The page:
Learning to Teach in Academia
Recently, I have been reflecting back on my time as a teaching assistant, trying to understand what changed? Why do I like teaching now? I think for me it was exposure to teaching that helped me build my confidence. Part of my studentship for my MSc was teaching assistantship, so I had no choice, but to teach. I found the first-year classes hard to manage, maybe because of the number of students? The 3rd and 4th year classes were a lot of fun, and I really enjoyed interacting with the students.
I began teaching when I was a first year MSc student. At that point, I had no confidence and felt like I knew nothing. I think how I felt was apparent to the students when I ran tutorials. What I did enjoy about teaching was marking, providing feedback, and one on one student interactions in the lab.
After I completed my MSc in Neuroscience, I continued to teach during my PhD, even though it was not required for my studentship. The extra money was nice, and so was the exposure to teaching. I stumbled again when I ran tutorials, but then I had an opportunity to teach a small introductory lab section and loved every minute of it. The students were great! I taught the same course for 2 years. During my postdoctorate in Germany, I designed and taught a course for graduate students. When I returned to Canada, I also designed and taught courses during my time at Carleton University. I taught retired students through the Learning and Retirement program. This was really interesting, since I was the youngest person in the room and was their instructor, but I think it helped me with building my confidence and made me more assertive with students, as well as being clearer when I communicated. The process of teaching an undergraduate class taught me the importance of servicing the student.
During the 2017-18 academic year I taught a brand-new course in the Department of Neuroscience. The course was an honors class but was targeted towards students who did not want to go to graduate school. The focus was on communicating scientific knowledge to a non-scientist audience. It was an 8-month long course and I worked with another instructor to design the course, we planned out several assignments over the course of the year. The course was a bit outside my expertise, but I was excited to teach it. I conducted a mid-year anonymous evaluation with students and tried to address the concerns that were brought up by the students. At the end of the year, my teaching evaluations were bad, it was a bit daunting! I spoke with the department chair and took the feedback and applied it when I taught the same course the following year (2018-19). I conducted a mid-year evaluation, but this time I went through the comments with students and listed out how I was trying to accommodate their feedback into the remaining months of the year. My teaching evaluations scores increased significantly. This experience was an important lesson in remaining flexible when teaching. Also getting feedback from people that have taught in the same setting is priceless.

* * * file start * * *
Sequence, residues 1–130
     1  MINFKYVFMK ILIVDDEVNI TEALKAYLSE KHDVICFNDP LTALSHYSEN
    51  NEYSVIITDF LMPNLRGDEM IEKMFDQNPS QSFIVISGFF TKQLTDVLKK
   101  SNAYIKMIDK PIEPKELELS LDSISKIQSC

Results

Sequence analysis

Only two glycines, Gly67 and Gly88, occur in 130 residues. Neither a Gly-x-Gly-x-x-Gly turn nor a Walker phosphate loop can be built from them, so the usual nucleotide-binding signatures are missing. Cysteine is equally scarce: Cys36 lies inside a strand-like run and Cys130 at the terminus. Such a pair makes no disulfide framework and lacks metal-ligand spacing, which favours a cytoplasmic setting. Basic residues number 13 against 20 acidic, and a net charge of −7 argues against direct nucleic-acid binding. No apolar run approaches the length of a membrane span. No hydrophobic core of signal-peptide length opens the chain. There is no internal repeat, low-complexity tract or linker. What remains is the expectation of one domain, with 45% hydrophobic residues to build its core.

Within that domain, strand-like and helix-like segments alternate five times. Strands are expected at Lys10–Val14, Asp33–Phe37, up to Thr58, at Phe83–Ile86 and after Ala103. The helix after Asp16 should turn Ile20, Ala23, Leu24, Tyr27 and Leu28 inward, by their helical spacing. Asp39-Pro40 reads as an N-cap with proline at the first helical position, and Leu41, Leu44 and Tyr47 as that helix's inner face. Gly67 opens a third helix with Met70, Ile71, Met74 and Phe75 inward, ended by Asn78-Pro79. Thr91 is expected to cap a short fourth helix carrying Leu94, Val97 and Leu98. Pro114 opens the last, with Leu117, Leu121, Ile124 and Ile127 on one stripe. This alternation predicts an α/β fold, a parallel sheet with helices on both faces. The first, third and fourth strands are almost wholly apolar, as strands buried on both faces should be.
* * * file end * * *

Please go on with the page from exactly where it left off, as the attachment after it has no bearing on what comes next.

In July 2019, I started as an Assistant Professor, I learned a lot from teaching in a large lecture setting. The students were extremely motivated and pushed me from the first lecture, all in good ways. I tried some new things in terms of incorporating active learning into my lectures as well as information presentation. I am planning to incorporate the new knowledge into the course next year.
Throughout my career, I have participated in some sort of training to help me become a better instructor. In graduate school I participated in a day long teaching course. When I was in my postdoctorate I took a weekly course for a semester that went through all the nuts and bolts of teaching. During this course I had the opportunity to give a lecture that was video recorded. Other participants and the course instructor provided me feedback, as well as I was able to see myself when I lecture and my different mannerisms, it was entertaining and embarrassing all at once.
As an instructor I thought it was important to participate in training, read books, and consult teaching centers on campus. During the end of my PhD I began to put together a teaching portfolio including my student evaluations, reference letters from both students and instructors I worked with. This was helpful when I was in my postdoctorate applying for instructor positions. It also helped when I was putting my teaching portfolio together for faculty position.
I think teaching is a process, you try something and see if it works. Exposure to teaching has helped me get where I am now, somewhat comfortable lecturing to a classroom of +150 graduate students. Despite the challenges, I think teaching is one of best parts of my job as an academic. Science still continues to fascinate me, and I am grateful to have the opportunity to share it with others.
“Those who can do, also teach”
-Joshua Schimel, author of Writing Science